In other words, it's like that Speaking in Tongues collage Byrne talks about in his appreciation, with the images dividing and multiplying and obscuring each other and complementing each other, but it happens with meanings as well as pictures. (This vast network of subtexts of course undergirds all of Byrne's work, too.) You can waste a long, long spray of words describing what their relationships are and still never describe the thing itself, and forget about articulating the sheer visual beauty I was going on about before. Something huge and great and wonderful left the world forever two weeks ago today.

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Friday, May 16, 2008

When Pigs Fly

Guardian typo-spotter jonanamary has posted the following (original story here):
As for the Last Night of the Proms, for all my avid Proms attendance over the years, I have never been. I have never wanted to go, either - all those silly hats, claxons and streamers are not my thing; but I do not see the night as just a jingoistic celebration of Britain. It is a party, a communal revel that makes a tremendous amount of people very, very happy. Open it up to other styles - a Bollywood dance number, a garage anthem chased by Jerusalem and The Lard Ascending. Why not?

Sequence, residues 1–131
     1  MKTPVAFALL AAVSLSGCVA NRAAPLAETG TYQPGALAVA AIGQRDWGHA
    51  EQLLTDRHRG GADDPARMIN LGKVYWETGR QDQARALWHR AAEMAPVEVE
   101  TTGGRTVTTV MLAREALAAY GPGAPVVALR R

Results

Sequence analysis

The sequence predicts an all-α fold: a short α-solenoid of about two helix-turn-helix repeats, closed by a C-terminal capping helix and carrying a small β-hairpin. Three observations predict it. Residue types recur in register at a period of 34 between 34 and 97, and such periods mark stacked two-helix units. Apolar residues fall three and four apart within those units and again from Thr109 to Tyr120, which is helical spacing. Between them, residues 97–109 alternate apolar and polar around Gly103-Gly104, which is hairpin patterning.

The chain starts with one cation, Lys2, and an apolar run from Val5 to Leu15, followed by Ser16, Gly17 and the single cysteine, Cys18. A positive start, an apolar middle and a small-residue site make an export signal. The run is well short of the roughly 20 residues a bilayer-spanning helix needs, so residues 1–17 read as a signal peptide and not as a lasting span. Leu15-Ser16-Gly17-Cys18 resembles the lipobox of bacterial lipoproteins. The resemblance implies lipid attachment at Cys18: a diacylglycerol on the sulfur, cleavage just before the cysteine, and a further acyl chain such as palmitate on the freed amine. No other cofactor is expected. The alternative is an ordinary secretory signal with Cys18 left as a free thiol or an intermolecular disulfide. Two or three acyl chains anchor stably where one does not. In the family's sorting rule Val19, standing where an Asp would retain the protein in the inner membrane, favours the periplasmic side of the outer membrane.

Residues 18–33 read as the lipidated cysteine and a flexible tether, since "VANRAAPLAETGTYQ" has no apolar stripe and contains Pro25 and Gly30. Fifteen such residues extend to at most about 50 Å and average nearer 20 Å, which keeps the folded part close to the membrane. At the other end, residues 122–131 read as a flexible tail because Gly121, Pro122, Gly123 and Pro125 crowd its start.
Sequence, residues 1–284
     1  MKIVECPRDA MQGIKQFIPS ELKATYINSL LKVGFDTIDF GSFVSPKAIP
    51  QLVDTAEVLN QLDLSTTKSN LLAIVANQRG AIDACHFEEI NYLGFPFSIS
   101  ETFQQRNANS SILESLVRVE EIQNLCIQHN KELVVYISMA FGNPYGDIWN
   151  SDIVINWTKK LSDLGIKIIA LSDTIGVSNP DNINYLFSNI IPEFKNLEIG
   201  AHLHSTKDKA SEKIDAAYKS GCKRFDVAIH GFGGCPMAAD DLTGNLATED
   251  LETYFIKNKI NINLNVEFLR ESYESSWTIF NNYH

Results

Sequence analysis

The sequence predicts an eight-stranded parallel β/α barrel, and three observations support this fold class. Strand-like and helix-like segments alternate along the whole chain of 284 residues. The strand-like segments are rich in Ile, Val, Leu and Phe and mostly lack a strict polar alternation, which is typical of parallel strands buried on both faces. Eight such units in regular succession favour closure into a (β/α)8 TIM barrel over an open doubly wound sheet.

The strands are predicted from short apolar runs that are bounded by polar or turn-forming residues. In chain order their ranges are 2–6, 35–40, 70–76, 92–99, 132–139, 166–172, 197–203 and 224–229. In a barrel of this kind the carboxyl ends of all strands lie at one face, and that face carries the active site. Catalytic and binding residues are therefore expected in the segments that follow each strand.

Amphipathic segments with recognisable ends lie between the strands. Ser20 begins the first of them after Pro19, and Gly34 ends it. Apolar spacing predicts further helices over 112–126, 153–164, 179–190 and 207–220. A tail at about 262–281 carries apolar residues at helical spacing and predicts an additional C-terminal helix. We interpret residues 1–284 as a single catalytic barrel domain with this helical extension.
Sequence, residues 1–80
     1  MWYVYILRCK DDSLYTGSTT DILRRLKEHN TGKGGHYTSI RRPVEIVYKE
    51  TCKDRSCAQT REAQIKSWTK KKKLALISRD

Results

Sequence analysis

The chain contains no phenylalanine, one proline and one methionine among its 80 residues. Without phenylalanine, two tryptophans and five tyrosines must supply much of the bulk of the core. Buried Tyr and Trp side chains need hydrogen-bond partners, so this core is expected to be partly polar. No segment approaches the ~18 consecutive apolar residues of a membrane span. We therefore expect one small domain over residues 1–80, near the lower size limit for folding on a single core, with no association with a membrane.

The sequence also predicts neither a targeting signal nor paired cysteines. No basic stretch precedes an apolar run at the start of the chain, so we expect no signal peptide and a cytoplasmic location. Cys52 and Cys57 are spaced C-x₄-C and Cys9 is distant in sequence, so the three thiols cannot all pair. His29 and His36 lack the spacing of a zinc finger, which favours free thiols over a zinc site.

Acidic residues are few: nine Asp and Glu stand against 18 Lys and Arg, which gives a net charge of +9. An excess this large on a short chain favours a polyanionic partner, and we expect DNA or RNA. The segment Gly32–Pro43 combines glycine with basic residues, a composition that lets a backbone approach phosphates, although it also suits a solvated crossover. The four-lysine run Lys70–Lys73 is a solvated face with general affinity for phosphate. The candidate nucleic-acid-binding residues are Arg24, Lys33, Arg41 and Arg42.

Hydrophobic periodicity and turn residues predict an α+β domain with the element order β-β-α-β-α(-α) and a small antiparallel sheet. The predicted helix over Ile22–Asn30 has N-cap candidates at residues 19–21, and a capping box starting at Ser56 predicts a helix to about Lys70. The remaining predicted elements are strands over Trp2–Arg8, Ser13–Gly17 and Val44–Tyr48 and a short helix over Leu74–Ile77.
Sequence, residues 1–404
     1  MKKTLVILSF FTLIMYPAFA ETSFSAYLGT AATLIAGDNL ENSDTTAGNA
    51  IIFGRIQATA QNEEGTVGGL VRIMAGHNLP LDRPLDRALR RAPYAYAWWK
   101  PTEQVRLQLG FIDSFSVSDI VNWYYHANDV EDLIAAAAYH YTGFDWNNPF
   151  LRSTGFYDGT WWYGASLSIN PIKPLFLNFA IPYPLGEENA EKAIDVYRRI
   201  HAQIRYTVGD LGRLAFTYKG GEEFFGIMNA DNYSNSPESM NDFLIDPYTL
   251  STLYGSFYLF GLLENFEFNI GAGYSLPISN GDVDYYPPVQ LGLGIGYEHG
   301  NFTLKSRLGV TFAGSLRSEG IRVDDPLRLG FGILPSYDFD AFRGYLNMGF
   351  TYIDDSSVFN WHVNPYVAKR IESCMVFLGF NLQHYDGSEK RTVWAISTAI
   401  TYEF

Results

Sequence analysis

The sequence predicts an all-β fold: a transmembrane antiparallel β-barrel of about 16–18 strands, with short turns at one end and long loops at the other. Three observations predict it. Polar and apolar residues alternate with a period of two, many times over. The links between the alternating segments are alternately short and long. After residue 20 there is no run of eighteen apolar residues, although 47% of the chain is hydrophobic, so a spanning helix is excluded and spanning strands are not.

Why not, indeed! Dear composers, you have a title, now write the piece.

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Tuesday, May 13, 2008

The Lighter Side of Staff Cuts

My New Year's Resolution just got a lot easier to keep. Best comment is here, from Paul of OperaBlog:
I’m guessing his buyout package consisted of a box of Ring-Dings and bus fare to Hoboken.

Tee hee.


Monday, May 12, 2008

She Did It Again

From Lully and Vivaldi to Rachmaninov and Henze, a Dutch site cataloguing examples of the La Folia ground (with an obsessive fervor worthy of the form) lists a Britney Spears song among them. And look, it's true! Click here for proof. I'll let somebody ProToolsier than I put together the inevitable Britney Spears/Andrew Manze mashup.

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Sunday, May 11, 2008

A Special Mother's Day Message

This year, I said it with music!

Wednesday, May 7, 2008

Line of the Day

Officious, Middle-Aged Man: "Excuse me, I'm looking for a recording of Dvořák's Third World Symphony."


Tuesday, May 6, 2008

Whoa Wait a Minute!

After all my razzin' yesterday I forgot to remind everybody to go hear Nico's concert at Merkin Hall, this Thursday (May 8) at 8 p.m. His new material is very, very strong; honestly, I think his forthcoming CD, Mothertongue, stands head and shoulders above his previous effort, and you know how much I liked that one. Buy tickets here.


You Don't Say

"The music is for me even to this day compositionally instrument remained imagination, and sometimes I use it to automatic acoustic minute, direct Handzucken take on the keys. In the grip, the blow is picturesque energy, also drawing momentum. The direct override those findings with the timbre is absurd involuntary core through. Thus, the piano sound as mine to orchestral sound tower, or it leads me in the sound area, which I nervlich ertaste.” – Wolfgang Rihm